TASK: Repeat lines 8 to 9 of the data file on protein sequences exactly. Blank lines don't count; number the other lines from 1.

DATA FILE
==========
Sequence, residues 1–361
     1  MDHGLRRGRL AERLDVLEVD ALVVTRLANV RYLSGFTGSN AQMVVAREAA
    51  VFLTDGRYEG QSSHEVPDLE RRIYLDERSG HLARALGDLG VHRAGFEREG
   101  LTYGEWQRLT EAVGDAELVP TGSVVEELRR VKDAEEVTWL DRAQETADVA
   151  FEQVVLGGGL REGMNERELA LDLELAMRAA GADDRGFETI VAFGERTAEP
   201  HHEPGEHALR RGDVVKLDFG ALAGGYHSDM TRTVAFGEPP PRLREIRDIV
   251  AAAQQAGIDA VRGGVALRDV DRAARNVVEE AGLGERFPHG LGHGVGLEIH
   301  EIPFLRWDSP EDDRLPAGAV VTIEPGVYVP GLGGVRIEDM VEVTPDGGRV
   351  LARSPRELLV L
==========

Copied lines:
   301  EIPFLRWDSP EDDRLPAGAV VTIEPGVYVP GLGGVRIEDM VEVTPDGGRV
   351  LARSPRELLV L